Something to look forward to: Valve's Steam Deck has been successful enough to potentially pave the way for a new PC gaming hardware tier, however many gamers have complained about its average-quality IPS screen. This new revision addresses the display and overhauls many other areas at once.

Valve will launch a new version of the Steam Deck next week. The hardware refresh includes an OLED screen, HDR support, a new variant with 1TB of internal storage, improved battery life, and other revisions like the addition of Wi-Fi 6E. There's also a new translucent version that looks amazing – check out some early reviews here.

The OLED display reaches 1,000 nits in HDR mode with a 1,000,000:1 contrast ratio and a 110% P3 color gamut, but the 600-nit SDR mode is also a slight improvement over the launch model's LCD screen.

Furthermore, reviews indicate that engaging HDR mode in games is significantly more straightforward than it often is in Windows. Valve has shrunk the Steam Deck's bezel to increase the screen size from 7 to 7.4 inches and raised the max refresh rate from 60 to 90Hz while retaining the 1280 x 800 resolution.

Also read: Why Steam Deck is One of the Most Significant PC Gaming Moments in Years

Although the refresh maintains the original's performance target, numerous nip tucks may provide a slight improvement. While still a 4-core, 8-thread Zen 2 with 8 RDNA 2 CUs, the APU shrinks from 7 to 6nm for lower power consumption. The RAM is still 16GB and LDDR5 but speeds up from 5,500MT/s to 6,400MT/s, which could give certain games an edge.

Combined with a larger fan and a battery improvement from 40 to 50Whr, these changes should result in longer play sessions before you need to recharge. The OLED screen also helps in this area by using less power. Moreover, the adjustments make the system slightly lighter, cooler, and quieter altogether.

Users with fast connections and Wi-Fi 6 routers can experience speedier downloads thanks to the added Wi-Fi 6E support. Valve also refreshed the controls to improve tactility and responsiveness. Changes to the frame will likely please the folks at iFixit, as adjustments to the screws, the screen, and other components mean easier repairs.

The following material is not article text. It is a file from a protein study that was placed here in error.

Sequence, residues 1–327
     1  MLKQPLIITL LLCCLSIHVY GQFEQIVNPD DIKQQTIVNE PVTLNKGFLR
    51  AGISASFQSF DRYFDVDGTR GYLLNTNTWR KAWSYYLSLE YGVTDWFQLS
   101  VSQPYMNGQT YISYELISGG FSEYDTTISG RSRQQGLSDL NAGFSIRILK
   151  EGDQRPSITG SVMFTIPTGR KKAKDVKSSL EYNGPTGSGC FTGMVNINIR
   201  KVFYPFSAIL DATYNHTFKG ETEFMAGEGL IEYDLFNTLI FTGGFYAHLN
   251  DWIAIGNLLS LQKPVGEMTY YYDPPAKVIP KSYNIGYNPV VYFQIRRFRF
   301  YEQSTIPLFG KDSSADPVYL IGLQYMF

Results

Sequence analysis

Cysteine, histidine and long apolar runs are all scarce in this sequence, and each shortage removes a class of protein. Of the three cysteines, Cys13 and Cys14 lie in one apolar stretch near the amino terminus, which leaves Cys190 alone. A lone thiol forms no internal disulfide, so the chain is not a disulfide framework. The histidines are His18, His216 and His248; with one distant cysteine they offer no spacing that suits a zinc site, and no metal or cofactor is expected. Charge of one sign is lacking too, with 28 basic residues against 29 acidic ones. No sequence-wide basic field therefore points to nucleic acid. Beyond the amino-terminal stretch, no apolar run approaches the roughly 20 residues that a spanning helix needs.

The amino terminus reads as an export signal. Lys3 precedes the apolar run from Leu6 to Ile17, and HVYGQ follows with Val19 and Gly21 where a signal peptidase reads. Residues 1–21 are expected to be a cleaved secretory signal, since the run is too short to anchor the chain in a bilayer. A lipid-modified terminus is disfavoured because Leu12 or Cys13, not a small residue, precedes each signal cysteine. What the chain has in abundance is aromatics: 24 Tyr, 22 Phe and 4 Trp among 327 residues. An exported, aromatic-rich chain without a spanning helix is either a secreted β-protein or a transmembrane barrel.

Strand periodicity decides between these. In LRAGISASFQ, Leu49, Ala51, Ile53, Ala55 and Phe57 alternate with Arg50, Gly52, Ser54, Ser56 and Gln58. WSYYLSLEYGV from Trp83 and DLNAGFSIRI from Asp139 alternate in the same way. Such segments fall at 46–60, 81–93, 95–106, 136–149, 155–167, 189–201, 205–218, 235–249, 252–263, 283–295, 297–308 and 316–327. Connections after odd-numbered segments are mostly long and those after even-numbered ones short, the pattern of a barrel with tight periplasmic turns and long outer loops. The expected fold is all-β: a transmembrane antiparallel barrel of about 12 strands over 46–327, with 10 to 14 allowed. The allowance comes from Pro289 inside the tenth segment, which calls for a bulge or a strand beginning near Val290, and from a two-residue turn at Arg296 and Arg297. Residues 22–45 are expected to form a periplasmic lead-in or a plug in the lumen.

A new model means major pricing changes. Valve is discontinuing the 64GB and 512GB LCD models, selling the remaining stock at a reduced $349 and $449, respectively. Meanwhile, the 256GB LCD Steam Deck becomes the new base model at $399.

The Steam Deck OLED will arrive in two variants – $549 for 512GB and $649 for a new 1TB storage option. Valve is also releasing a limited edition translucent smoke grey 1TB portable with an exclusive bootup screen.

While the PC gaming giant won't say how many Steam Deck units it's sold exactly, it's estimated that sales are in the ballpark of a few millions units – a tremendous success for a single pre-built PC model. Looking forward, Valve confirmed that a more powerful "Steam Deck 2" is two or three years away.

The refreshed Steam Deck competes with a new generation of handheld gaming PCs like the Asus ROG Ally, the Lenovo Legion Go, the GPD Win 4, and others. Although higher wattage and AMD's Zen 4-based Ryzen Z1 APU give some of these machines better performance than the Deck's, they can struggle with battery life and a Windows operating system not designed for small screens.

Availability for the Steam Deck OLED begins on November 16 at 10 am PT.